HONG KONG (Reuters) - Hong Kong will try to enact a law penalising people who boo the Chinese national anthem “as soon as possible”, an official said on Wednesday, in a move that critics say undermines the Chinese-ruled city’s autonomy and freedoms.
In the past few years, some Hong Kong football fans have booed the national anthem during World Cup qualifiers and other games, mirroring a more recent protest in the United States with football players kneeling during the national anthem, a practice denounced by U.S. President Donald Trump.
The Asian Football Confederation warned the Hong Kong Football Association on Tuesday over the conduct of fans who booed the Chinese national anthem in a match in October.
China has passed a law stating that disrespecting the anthem could result in imprisonment. The law has come into force in China but has yet to be extended to Hong Kong.
Hong Kong Secretary for Constitutional and Mainland Affairs, Patrick Nip said the city had a constitutional obligation to follow up the move by China’s largely rubber-stamp parliament.
The law will now be added to the annex of Hong Kong’s mini-constitution, the Basic Law, and put to the city’s 70-strong legislature.
“We will do it as soon as possible,” Nip told lawmakers, while saying there would be a consultation process.
Hong Kong is a former British colony that returned to Chinese rule in 1997 under a so-called “one country, two systems” formula that promises the city a high degree of autonomy, including an independent judiciary.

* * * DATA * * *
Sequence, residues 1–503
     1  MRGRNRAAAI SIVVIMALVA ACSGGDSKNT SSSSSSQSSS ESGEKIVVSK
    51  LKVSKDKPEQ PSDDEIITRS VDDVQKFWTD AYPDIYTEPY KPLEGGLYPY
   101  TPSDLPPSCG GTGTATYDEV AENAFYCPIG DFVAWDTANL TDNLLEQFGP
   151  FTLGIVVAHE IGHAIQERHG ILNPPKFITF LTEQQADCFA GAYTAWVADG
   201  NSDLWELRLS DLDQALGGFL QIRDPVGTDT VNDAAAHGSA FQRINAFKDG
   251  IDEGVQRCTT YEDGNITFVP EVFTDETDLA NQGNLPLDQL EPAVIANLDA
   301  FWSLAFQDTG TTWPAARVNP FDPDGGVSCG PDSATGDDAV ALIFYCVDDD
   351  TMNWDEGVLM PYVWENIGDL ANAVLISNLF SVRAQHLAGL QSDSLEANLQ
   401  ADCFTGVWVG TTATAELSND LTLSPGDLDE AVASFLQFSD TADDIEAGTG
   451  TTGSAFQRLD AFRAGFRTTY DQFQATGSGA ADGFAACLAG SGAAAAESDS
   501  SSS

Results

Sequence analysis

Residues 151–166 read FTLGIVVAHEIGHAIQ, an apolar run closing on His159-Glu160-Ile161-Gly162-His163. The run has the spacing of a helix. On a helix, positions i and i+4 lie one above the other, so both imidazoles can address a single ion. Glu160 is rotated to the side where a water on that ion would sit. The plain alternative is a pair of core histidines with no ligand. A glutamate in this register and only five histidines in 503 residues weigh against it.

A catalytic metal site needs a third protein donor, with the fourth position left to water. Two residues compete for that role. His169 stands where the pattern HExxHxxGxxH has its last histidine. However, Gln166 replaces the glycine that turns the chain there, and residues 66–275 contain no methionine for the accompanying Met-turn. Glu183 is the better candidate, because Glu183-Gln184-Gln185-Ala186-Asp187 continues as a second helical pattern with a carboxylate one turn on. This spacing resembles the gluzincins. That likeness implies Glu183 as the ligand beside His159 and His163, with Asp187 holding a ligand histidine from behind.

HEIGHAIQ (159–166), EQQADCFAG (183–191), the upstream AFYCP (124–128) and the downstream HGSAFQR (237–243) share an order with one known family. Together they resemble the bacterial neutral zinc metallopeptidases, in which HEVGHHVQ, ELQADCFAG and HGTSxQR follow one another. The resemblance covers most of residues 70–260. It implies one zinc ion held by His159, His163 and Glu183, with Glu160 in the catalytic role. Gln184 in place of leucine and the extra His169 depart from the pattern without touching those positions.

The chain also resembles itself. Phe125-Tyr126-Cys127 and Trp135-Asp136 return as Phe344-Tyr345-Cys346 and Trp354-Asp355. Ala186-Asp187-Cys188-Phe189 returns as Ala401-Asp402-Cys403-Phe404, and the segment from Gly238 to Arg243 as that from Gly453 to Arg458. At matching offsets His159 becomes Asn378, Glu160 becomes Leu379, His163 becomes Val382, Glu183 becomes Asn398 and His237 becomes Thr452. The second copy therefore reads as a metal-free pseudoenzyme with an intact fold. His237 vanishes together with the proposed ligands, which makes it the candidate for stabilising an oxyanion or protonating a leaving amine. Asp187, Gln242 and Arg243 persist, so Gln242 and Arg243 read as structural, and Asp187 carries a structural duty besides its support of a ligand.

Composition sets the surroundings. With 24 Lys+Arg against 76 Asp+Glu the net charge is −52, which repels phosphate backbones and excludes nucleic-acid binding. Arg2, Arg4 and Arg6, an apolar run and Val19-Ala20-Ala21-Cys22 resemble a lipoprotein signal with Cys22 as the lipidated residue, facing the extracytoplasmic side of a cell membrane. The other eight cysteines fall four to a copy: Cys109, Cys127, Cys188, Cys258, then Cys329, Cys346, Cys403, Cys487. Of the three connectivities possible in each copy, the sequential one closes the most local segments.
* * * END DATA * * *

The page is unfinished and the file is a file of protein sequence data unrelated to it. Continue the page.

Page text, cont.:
China’s growing reach into Hong Kong’s affairs has, however, stoked tensions and mass protests including the 2014 “Occupy” civil disobedience movement that blocked major roads in the city for 79 days to pressure China to allow full democracy.
Nip said no decision had been made on jail terms, but the government would make reference to existing laws concerning the desecration of China’s national flag that carry a maximum sentence of three years.
Some critics said this move would further erode Hong Kong’s autonomy and was another instance of China’s tightening iron grip.
“If a country (China) wasn’t using totalitarian and autocratic ways to make people feel under pressure, I believe many more Hong Kong people would respect the national anthem,” said Dennis Kwok, a lawmaker with the Civic Party.
Over the past few years, Hong Kong fans have booed the national anthem at several football matches involving the Hong Kong team, with an upcoming Asian Cup qualifier between Hong Kong and Lebanon another potential flashpoint.
“Some inappropriate behaviour...must be addressed,” Nip said, without giving specifics.
Chinese authorities have strived to instil greater patriotism into Hong Kong, while condemning a push from democracy activists to distance Hong Kong from Beijing by embracing the city’s culture and core values, with some even advocating independence from China.
“In recent years, incidents of disrespecting the national anthem have occurred in Hong Kong, challenging the bottom line ... and triggering rage,” said Zhang Rongshun, who leads a legislative affairs commission of China’s parliament, the National People’s Congress, according to the official Xinhua news agency.
“It is urgent and important to apply the National Anthem Law in Hong Kong in a bid to prevent and handle such offences.”
Additional reporting by Donny Kwok; Editing by Nick Macfie